What Do Low Interest Rates Mean To You?
June 30, 2011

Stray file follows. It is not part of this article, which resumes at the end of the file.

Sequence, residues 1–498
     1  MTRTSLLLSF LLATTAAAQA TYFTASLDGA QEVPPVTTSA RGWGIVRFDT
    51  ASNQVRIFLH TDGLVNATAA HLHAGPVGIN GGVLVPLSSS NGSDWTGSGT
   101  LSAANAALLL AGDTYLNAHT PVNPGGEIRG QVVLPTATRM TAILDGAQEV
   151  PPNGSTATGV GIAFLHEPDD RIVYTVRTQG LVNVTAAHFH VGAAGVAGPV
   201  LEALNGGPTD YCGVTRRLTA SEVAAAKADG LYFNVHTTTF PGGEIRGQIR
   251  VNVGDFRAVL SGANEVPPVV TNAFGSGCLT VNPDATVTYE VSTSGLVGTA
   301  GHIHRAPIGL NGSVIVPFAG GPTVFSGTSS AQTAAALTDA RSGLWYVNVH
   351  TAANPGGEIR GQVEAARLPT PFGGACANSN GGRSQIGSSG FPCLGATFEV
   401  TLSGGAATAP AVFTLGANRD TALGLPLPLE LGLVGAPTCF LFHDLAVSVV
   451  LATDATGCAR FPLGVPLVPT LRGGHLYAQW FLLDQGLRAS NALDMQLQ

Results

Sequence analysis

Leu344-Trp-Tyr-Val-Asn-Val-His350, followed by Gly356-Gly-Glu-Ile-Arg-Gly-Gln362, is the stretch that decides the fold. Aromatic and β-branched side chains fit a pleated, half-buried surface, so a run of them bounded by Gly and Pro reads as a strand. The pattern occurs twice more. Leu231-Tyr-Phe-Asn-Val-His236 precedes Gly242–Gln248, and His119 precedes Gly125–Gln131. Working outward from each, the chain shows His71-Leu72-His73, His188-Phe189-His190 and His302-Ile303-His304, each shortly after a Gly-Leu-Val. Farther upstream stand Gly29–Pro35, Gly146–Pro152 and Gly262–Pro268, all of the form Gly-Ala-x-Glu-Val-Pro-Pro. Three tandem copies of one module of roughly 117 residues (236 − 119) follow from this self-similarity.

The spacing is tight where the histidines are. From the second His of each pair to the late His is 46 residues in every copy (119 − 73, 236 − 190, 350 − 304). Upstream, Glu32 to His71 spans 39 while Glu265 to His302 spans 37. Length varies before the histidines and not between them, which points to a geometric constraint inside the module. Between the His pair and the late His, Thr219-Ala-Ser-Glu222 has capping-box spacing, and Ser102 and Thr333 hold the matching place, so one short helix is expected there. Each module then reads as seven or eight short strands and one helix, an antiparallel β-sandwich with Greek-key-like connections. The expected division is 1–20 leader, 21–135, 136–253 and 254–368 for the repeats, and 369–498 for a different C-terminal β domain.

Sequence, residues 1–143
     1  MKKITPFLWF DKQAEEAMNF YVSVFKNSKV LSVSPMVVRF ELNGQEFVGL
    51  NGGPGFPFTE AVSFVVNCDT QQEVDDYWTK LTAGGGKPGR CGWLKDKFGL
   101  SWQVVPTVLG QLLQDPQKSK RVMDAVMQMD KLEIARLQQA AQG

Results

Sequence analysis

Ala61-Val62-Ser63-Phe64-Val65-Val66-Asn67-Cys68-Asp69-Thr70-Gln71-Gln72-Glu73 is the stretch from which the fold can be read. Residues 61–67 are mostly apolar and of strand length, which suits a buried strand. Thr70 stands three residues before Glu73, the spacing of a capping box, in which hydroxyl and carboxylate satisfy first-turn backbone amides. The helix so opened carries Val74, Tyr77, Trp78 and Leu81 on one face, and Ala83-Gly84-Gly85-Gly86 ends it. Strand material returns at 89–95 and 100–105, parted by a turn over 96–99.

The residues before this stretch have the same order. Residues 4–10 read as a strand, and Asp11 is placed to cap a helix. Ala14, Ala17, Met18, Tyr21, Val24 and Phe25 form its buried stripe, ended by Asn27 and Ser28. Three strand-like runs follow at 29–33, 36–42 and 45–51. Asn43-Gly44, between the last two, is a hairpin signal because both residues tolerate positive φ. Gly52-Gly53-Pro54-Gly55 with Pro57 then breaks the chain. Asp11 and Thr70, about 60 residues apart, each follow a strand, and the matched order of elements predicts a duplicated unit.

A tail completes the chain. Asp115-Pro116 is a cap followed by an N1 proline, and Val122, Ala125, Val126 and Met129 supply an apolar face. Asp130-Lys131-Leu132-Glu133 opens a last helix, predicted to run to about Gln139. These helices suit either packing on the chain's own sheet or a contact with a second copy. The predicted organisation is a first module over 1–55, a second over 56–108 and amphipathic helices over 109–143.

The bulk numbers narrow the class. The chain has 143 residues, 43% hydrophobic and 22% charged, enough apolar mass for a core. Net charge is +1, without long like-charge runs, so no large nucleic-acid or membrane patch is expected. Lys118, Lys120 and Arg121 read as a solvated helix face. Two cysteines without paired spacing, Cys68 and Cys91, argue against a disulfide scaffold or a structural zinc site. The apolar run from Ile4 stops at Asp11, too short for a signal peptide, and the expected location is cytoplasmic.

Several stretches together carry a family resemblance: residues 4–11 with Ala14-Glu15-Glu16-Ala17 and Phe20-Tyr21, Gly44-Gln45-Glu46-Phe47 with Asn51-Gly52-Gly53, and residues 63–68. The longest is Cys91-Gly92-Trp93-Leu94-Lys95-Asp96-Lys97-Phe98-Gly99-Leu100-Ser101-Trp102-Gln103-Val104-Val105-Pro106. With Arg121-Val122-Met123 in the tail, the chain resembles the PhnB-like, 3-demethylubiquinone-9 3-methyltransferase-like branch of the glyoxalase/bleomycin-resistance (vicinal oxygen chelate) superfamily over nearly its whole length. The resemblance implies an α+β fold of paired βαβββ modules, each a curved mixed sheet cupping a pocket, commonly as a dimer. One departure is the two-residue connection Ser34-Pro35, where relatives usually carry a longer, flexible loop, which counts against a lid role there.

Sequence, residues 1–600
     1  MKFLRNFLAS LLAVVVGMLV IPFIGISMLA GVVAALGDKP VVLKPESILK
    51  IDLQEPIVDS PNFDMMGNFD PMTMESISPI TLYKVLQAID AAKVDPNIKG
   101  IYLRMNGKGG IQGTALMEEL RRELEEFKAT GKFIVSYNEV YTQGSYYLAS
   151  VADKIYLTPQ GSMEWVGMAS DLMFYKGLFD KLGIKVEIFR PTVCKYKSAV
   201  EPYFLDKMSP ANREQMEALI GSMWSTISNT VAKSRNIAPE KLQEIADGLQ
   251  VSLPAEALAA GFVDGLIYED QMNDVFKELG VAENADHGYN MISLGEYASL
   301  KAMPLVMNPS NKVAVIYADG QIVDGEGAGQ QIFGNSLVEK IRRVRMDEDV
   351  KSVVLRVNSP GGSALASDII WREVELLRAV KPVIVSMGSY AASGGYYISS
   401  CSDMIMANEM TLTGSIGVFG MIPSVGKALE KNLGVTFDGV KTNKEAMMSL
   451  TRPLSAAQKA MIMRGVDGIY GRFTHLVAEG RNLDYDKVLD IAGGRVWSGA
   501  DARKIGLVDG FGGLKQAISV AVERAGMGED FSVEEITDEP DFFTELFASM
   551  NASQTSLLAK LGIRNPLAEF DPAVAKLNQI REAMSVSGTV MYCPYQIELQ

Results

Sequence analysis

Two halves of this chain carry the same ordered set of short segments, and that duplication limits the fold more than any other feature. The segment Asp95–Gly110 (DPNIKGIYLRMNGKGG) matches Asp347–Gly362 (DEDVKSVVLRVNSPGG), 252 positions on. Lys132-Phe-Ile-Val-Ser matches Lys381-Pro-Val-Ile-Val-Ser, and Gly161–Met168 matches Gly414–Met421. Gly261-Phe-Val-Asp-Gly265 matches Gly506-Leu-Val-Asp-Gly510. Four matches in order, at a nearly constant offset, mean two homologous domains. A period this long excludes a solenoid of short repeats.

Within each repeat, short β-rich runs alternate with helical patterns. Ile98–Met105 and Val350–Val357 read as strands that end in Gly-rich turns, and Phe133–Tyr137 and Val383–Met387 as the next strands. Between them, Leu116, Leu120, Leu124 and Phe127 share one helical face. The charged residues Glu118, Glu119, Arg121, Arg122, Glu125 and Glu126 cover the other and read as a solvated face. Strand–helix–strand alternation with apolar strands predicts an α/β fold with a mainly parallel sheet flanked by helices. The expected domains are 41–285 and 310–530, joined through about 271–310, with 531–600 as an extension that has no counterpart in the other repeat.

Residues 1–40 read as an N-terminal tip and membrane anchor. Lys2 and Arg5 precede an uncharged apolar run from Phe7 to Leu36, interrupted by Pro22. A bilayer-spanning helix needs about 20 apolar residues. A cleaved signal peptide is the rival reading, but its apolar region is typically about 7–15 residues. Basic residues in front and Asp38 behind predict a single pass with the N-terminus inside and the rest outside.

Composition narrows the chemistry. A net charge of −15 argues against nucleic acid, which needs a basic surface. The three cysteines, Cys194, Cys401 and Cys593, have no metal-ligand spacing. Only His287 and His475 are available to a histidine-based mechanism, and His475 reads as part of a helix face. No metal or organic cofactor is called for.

If you've been searching for a new home you've probably heard someone say, "There's never been a better time to buy a new home, interest rates are at an all time low." But what does that really mean to you? Here's a little history on interest rates. Do you know what a high mortgage rate would look like? December of 1980 the 30-year fixed mortgage rate was 14.79%. By January of 1990 it dropped to 9.67%. Over a 10-year period, rates inched down by about 5%. But by May 2000 the rates were only down to 8.52%, barely a 1% change in 10 years. So, when you hear reports that mortgage rates are at an historic low, this gives you more context. Several years ago people were happy to purchase at a 6.5% interest rate, but now, with mortgages available from the high 4% to low 5% range there truly has never been a better time to purchase a home. Especially as rates slowly creep up again. So what can you get for your money with lower interest rates? Low rates mean lower payments: If you can afford a mortgage of $150,000 at a rate of 4.9% your monthly payments will be around $796 per month (not including taxes and insurance). A rate of 6.5% would cost about $948 per month. By purchasing a home while the rates are low, you free up over $150 per month. Low interest rates mean you can get more house for your money: If you can afford a payment of about $790 per month (not including taxes and insurance) that means at a rate of 6.5% your mortgage would be approximately $125,000. Yet at a rate of 4.9% you can afford a home loan of almost $150,000 this gives you nearly $25,000 more house for the same payment of approximately $790 per month. This difference in price could be the space you need and the options you want. Rolling $25,000 more into a mortgage could get you a lot more house for your money in a new home. It's important to understand rates so that you can make an informed decision about purchasing your new home. Many people keep waiting for the lowest rates. But how will you know when the rates hit bottom? Usually when standing at a higher point looking down. By assessing your situation and looking for the right loan to fit your current lifestyle, you can look at the historic rates and see how much more home you will get for your money now verses just a few years ago. *We have to say this lame disclaimer...Rates and payments are approximate for the purposes of this article and do not include taxes and insurance. Image source: Â©PhotoXpress.com